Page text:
5. An oxidation reaction during which both a proton and an electron are lost is called dehydrogenation.
  6. A reduction reaction during which both a proton and an electron are gained is called hydrogenation.
  7. Cells use specific molecules such as NAD+, FAD, and NADP+ to carry the electrons that are removed during the oxidation of an energy source. These molecules are called electron carriers and they alternately become oxidized and reduced during electron and proton transfer.
  8. Coupled oxidation-reduction reactions and electron carriers are often part of what is called an electron transport chain.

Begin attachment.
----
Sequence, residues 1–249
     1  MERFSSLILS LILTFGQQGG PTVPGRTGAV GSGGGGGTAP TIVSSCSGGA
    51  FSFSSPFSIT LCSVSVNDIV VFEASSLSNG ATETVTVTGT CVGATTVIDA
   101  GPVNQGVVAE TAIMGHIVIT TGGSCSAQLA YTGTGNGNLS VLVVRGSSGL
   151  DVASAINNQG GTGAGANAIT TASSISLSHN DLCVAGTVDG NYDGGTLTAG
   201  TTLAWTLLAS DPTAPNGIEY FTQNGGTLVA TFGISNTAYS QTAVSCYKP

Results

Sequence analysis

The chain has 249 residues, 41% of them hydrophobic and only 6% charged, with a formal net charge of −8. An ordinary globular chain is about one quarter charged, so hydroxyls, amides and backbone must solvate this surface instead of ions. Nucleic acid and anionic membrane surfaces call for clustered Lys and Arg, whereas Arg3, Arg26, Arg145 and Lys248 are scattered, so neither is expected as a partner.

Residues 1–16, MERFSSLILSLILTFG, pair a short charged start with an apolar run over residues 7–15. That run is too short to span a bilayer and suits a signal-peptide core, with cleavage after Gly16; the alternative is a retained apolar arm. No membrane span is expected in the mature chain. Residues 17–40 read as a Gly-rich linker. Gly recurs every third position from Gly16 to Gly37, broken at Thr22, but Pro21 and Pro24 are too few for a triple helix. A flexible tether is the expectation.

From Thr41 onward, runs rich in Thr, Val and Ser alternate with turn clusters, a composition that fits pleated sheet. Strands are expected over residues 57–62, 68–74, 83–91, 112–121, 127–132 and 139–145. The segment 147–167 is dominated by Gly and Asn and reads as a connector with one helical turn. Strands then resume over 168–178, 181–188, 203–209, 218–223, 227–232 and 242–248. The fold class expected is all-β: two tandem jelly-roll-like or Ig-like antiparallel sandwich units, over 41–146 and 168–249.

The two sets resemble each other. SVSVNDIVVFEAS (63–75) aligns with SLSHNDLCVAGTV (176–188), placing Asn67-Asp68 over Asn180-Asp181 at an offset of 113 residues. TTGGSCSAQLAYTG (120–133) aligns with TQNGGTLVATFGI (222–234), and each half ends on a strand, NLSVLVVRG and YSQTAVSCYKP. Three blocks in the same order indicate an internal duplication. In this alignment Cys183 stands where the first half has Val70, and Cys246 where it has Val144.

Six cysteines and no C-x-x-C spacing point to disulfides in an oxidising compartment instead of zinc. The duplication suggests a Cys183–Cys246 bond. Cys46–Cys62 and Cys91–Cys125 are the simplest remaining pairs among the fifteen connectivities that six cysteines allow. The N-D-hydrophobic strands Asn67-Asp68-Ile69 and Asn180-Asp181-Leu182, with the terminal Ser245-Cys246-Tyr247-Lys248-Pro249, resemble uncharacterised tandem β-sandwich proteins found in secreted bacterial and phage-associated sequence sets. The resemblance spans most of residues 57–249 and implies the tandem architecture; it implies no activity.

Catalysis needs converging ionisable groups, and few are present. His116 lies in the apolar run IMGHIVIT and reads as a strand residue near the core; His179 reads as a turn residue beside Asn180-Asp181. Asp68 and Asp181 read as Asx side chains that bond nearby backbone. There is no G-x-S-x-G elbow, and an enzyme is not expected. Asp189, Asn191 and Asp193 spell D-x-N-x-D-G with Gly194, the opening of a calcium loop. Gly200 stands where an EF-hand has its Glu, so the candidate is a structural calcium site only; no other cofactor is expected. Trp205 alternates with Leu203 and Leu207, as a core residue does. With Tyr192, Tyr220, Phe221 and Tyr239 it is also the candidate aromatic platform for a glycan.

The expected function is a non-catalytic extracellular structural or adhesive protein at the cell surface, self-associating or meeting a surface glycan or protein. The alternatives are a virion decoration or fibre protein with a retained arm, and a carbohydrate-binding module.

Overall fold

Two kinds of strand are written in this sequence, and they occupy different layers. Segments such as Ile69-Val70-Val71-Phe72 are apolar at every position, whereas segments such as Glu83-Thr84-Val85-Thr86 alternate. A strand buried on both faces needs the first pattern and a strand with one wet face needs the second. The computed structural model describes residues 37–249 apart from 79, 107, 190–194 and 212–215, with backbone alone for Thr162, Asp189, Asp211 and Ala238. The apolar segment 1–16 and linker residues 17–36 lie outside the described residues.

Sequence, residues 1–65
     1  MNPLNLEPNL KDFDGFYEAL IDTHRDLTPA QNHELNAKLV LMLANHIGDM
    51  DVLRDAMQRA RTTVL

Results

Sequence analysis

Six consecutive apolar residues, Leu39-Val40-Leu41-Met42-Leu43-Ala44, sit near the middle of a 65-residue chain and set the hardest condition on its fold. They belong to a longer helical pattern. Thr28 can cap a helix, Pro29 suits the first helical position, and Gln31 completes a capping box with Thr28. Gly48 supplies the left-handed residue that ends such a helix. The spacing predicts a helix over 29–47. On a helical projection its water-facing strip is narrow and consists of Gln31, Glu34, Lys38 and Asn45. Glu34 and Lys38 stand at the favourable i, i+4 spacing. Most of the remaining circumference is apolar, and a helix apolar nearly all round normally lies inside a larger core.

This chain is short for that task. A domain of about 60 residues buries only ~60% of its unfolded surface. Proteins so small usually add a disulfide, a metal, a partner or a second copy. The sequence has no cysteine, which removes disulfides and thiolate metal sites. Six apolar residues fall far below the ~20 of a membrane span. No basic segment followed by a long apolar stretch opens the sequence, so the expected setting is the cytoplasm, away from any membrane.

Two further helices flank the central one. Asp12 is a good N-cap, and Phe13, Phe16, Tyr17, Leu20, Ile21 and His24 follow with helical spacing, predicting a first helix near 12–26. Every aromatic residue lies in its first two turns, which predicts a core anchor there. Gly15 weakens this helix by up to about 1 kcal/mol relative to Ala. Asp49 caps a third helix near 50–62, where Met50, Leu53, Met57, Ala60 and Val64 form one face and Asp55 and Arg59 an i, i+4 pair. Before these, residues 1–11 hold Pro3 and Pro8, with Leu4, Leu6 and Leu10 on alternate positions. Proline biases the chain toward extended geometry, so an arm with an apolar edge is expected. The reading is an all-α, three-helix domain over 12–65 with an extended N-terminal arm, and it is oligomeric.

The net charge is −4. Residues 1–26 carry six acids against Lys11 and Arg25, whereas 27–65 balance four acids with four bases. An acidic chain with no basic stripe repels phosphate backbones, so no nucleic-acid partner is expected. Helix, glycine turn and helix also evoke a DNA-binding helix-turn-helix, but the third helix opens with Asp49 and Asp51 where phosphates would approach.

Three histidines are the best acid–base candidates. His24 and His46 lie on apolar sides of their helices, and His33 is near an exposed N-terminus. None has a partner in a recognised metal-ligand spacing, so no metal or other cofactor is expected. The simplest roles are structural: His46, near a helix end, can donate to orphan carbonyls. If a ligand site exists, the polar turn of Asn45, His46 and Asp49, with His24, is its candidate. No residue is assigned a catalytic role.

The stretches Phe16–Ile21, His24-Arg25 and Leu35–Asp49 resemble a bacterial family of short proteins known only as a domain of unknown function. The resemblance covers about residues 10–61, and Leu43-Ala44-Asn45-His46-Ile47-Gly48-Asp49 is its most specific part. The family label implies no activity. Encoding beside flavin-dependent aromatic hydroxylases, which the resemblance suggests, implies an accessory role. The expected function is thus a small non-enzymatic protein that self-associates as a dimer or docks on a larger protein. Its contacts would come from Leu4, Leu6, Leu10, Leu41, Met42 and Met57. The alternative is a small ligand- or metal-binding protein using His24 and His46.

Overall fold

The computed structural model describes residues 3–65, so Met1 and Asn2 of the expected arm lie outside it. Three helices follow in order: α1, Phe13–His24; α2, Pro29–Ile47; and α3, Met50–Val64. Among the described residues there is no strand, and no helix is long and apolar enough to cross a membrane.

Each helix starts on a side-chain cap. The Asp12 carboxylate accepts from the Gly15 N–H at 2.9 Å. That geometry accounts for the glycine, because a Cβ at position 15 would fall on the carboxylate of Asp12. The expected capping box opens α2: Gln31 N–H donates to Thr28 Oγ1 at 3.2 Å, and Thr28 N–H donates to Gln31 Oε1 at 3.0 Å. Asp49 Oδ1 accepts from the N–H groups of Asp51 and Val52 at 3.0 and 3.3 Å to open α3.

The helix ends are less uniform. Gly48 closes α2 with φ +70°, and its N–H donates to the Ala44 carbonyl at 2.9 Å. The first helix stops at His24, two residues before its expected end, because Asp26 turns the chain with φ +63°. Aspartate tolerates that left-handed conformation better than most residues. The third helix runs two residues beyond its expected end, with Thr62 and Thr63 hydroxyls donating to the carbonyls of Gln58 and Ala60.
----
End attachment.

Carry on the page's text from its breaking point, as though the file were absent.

9. The chemiosmotic theory explains the functioning of electron transport chains. According to this theory, the transfer of electrons down an electron transport system through a series of oxidation-reduction reactions releases energy. This energy allows certain carriers in the chain to transport hydrogen ions (H+ or protons) across a membrane.
  10. In prokaryotic cells, the protons are transported from the cytoplasm of the bacterium across the cytoplasmic membrane to the periplasmic space located between the cytoplasmic membrane and the cell wall; in eukaryotic cells, protons are transported from the matrix of the mitochondria across the inner mitochondrial membrane to the intermembrane space located between the inner and outer mitochondrial membranes; in plant cells and the cells of algae, protons are transported from the stroma of the chloroplast across the thylakoid membrane into the interior space of the thylakoid.